It’s also totally normal, in the artistic world, to be queer. XY chromosomal type humans involved in musical theater, opera and ballet are just as, if not more likely, to be attracted to other XY chromosomal type humans as those of the XX variety. The very first gay people I ever knew I met doing community theater. I started doing theater very very young, and I don’t remember anyone ever explaining to me what it meant to be gay. I just understood that Scott and Mike loved each other the way my parents loved each other. I didn’t find anything unusual or strange about it (cue South Pacific’s “You’ve Got to be Carefully Taught”). I didn’t know any lesbians (at least closely, though I was aware that my 5th grade teacher was lesbian) but I knew that they existed. The older I got and the more people in the Arts I met, the more gay people I knew.
From the beginning I remember feeling like that creative, artistic and queer group of people was the only place I belonged. I remember just knowing that this was my tribe. These were my people. People who understood me and accepted me just as I was. When I came out it was my creative and artistic friends who were most enthusiastic and supportive. I was very lucky because there weren’t a lot of people who were unsupportive, but it was my tribe of arts peeps that threw me a coming out party and plastered my facebook profile with “You go Girl!” “Yay for you!” “Congrats and loving who you are!” comments, often from people I had lost touch with long ago.
Everywhere I go, it is the artistic people around me that I am drawn too. They are my closest friends. The ones who inspire me and support me no matter what. It’s one of the most wonderful things about this internship– that I am surrounded by artistic, creative people all the time. It fills my soul to be here– and I know that sounds hokey and cheesy and cliche, but it’s true. I am surrounded by dancers and musicians and visual artists and writers. Campers and staff alike we are all bound by excitement and love for things that most of the world barely tolerates and doesn’t understand. Most of our lives we are alone in a sea of people who simply don’t understand the way our brain works and our heart beats. But here, we are united.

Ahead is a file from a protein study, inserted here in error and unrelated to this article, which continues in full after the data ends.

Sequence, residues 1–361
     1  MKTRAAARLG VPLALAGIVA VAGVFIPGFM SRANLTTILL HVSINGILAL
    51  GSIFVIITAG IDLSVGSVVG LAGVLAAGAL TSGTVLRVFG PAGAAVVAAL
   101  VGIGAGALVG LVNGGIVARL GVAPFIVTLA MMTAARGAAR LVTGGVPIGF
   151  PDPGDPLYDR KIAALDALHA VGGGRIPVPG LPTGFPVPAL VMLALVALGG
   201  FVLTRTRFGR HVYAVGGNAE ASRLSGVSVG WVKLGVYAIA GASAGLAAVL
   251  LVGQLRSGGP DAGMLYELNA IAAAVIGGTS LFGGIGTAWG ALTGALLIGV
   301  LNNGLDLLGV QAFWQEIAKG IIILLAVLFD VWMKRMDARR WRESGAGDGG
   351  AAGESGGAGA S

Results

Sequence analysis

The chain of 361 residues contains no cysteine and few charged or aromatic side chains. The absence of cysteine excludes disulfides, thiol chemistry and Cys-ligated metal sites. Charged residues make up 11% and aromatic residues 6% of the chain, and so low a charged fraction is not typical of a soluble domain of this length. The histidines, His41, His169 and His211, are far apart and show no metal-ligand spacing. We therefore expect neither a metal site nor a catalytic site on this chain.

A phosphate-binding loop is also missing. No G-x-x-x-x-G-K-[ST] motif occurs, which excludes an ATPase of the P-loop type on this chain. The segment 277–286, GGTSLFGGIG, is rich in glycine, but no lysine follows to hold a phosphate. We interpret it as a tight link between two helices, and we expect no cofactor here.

Here I am not the only person with unnaturally colored hair. Strange shoes and accessories are encouraged and applauded. Here it is not uncommon to overhear teenagers talking about Opera singers and film score writers with the same giddiness and reverence as others have for [insert pop culture reference here]. Here all forms of gender identity are embraced and accepted. Here staff instructions about what to do if we find campers making out in the listening rooms include scenarios for all possible gender combinations of the couples. Here it is just as common to see two guys or two girls holding hands as hetero couples. Here when I mentioned having a cat to one of my supervisors, she good naturedly teased “Well, you’re a librarian and a lesbian, so isn’t that like the law? Do you drive a subaru too?” Here it’s not that no one minds that I’m gay, it’s that no one thinks it’s anything other than normal.
I realize that is a fine line of difference my friend, but it makes ALL the difference. There is a big difference between apathy and support. Apathy is ‘it doesn’t directly affect me so I don’t care enough to do/say anything about it.’ Support is ‘of course that is totally normal and awesome and I will defend you if anyone is stupid enough to say it isn’t.’
There. Is. A Difference.
This will perhaps be a separate blog post at some point. Stay tuned.
ANYWAY…this makes me wonder what it is about the Arts and Queers and Misfits? Do we (queers and misfits) flock to the arts because it welcomes us? Or does it welcome us because we flock to it? Is it just that at some point there were enough of us in the arts that there was no choice but to embrace our differentness and welcome all fellow misfits into the gang? Or is there something in our out-of-the-box, differently gender/sexual identifies selves that has a burning need to express it in an individual and creative way? Do we seek the Arts tribe because we have been rejected by mainstream? Or do we reject the mainstream because we are accepted by the Arts tribe?
It’s like the song from Cinderella, “Do I love you because you’re beautiful, or are you beautiful because I love you?”